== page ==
The execution of Carey Dean Moore went forward on Tuesday after a federal appeals court denied a drug company’s request to halt the lethal injection over concerns about whether the drugs were obtained improperly by the state.
Nebraska executed Carey Dean Moore on Tuesday. It was the state’s first execution since 1997 and the first by lethal injection, reports the Omaha World-Herald. The execution went forward after a federal appeals court denied a drug company’s request to halt the lethal injection over concerns about whether the drugs were obtained improperly by the state, NPR reports.
Moore’s execution was scheduled to be the first time the powerful synthetic opioid fentanyl was used in a U.S. lethal injection. Moore, who has been in prison since 1980 after he was convicted of two first degree murders, has not challenged the execution protocol. He’s had seven other execution dates before this one.
The primary legal challenge was from German pharmaceutical company Fresenius Kabi, which makes potassium chloride and cisatracurium besylate, two of the four drugs in the protocol. An increasing number of pharmaceutical companies have taken legal action against states using their products in executions, which has made it difficult for states to obtain the drugs.
The state has not disclosed its supplier. Fresenius Kabi said it has “grounds to believe” that Nebraska is using their drugs. U.S. District Judge Richard Kopf said the company’s claim that the drug’s use would cause it “irreparable injury” was “far too speculative.”
Nebraska said it contacted at least forty potential suppliers and six other states to find the drugs used in the execution.
An unidentified supplier was the only one willing to sell Nebraska the drugs. One of the substances expires on Aug. 31. Nebraska had argued that any delay could render it unable to carry out executions indefinitely.
A federal judge in Nebraska refused to block Tuesday’s execution of Carey Dean Moore, rejecting the Fresenius Kabi pharmaceutical company’s claims that using its drugs in a lethal injection will harm its business interests. The company is asking an appeals court to halt the execution.
A federal judge in Nebraska refused to block Tuesday’s execution of Carey Dean Moore, rejecting the Fresenius Kabi pharmaceutical company’s claims that using its drugs in a lethal injection will harm its business interests, reports the Omaha World-Herald. The firm will appeal to the Eighth U.S. Circuit Court of Appeals in St. Louis. Senior U.S. District Judge Richard Kopf sided with attorneys for the state, who insisted that prison officials legally obtained the drugs from a licensed pharmacy and are almost out of time to carry out the execution before one of the drugs expires. The judge said he did not want to “frustrate the wishes of Carey Dean Moore,” who has said he wants to die after 38 years on death row. Kopf discussed at length how 61 percent of Nebraska voters reinstated the death penalty in 2016, after it had been repealed by legislators.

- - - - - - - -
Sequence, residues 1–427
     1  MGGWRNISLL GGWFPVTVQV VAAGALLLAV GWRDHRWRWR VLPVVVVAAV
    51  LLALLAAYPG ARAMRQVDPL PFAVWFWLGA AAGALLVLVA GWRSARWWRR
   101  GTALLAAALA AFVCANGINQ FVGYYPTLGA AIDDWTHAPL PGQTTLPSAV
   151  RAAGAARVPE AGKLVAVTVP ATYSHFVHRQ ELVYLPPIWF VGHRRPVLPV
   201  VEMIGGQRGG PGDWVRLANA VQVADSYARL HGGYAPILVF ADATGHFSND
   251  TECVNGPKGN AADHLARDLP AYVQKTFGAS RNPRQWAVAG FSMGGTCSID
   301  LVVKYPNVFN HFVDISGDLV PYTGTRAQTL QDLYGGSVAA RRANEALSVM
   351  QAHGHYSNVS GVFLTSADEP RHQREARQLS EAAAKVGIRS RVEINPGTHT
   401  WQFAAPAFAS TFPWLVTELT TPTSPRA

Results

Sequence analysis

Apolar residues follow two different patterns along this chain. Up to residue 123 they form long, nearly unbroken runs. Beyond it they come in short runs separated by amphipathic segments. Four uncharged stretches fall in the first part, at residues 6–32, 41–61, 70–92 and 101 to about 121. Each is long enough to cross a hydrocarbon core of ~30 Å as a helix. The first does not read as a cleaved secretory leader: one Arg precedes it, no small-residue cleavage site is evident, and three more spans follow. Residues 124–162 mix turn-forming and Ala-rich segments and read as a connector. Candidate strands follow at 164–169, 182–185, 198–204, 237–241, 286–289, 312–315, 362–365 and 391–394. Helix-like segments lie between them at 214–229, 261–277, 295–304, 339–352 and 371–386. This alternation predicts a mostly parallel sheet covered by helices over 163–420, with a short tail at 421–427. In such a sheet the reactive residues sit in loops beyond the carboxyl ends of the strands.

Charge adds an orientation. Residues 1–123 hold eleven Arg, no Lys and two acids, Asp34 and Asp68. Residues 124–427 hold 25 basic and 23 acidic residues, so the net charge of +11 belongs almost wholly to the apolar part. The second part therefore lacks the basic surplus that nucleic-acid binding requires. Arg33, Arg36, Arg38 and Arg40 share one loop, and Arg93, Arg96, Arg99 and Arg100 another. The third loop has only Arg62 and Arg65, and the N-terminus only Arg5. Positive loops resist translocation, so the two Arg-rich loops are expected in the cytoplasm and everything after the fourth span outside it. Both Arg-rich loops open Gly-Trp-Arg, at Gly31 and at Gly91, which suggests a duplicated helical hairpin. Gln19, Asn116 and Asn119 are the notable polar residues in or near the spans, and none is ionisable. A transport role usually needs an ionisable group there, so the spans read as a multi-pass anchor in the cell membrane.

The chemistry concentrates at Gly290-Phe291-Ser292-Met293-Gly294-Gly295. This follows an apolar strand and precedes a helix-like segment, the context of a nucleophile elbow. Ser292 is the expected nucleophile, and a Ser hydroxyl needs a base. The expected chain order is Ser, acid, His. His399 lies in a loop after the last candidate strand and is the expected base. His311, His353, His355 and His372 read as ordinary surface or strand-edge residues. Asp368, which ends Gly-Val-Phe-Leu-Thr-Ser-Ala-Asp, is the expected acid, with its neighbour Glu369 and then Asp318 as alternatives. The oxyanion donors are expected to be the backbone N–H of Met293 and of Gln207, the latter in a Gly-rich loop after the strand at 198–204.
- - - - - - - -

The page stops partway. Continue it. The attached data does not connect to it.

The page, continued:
“Decades have slipped by since Mr. Moore was sentenced to death,” Kopf said. “The people of Nebraska have spoken. Any delay now is tantamount to nullifying Nebraska law.” Unless the decision is quickly overturned on appeal, Moore will become the first inmate put to death by lethal injection in Nebraska. He is scheduled to be executed for the slayings of Omaha cabdrivers Reuel Van Ness and Maynard Helgeland five days apart in 1979. Nebraska’s last execution took place in 1997, when the state used the electric chair. Lethal injection was adopted in 2009. Moore, 60, did not join the drug company’s lawsuit. There have been seven previous stays of Moore’s execution. The Germany-based pharmaceutical company contended that it would suffer losses in sales and business reputation if its products were used to kill an inmate. The company alleged that prison officials either improperly or illegally obtained a drug that should have never been sold for an execution.
Murderer Billy Ray Irick was put to death in Tennessee after the Supreme Court refused to stop the execution. Justice Sonia Sotomayor said the U.S. had “stopped being a civilized nation and accepted barbarism.”
Supreme Court Justice Sonia Sotomayor, dissenting from an execution order on Thursday, said if the law allowed Tennessee inmate Billy Ray Irick to die despite evidence of “horrific” pain during the process, the U.S. has “stopped being a civilized nation and accepted barbarism,” the National Law Journal reports. Irick was put to death Thursday evening. Sotomayor criticized an unsigned order that denied a stay of execution to Irick, who challenged the three-drug cocktail the state used. He argued the drugs would result in excruciating torture before killing him. Experts testified that the drug cocktail would cause “sensations of drowning, suffocating, and being burned alive from the inside out,” Sotomayor said. “In theory, the first drug in the three-drug protocol, midazolam, is supposed to render a person unable to feel pain during an execution. But the medical experts who testified here explained that midazolam would not work, and the trial court credited that testimony.”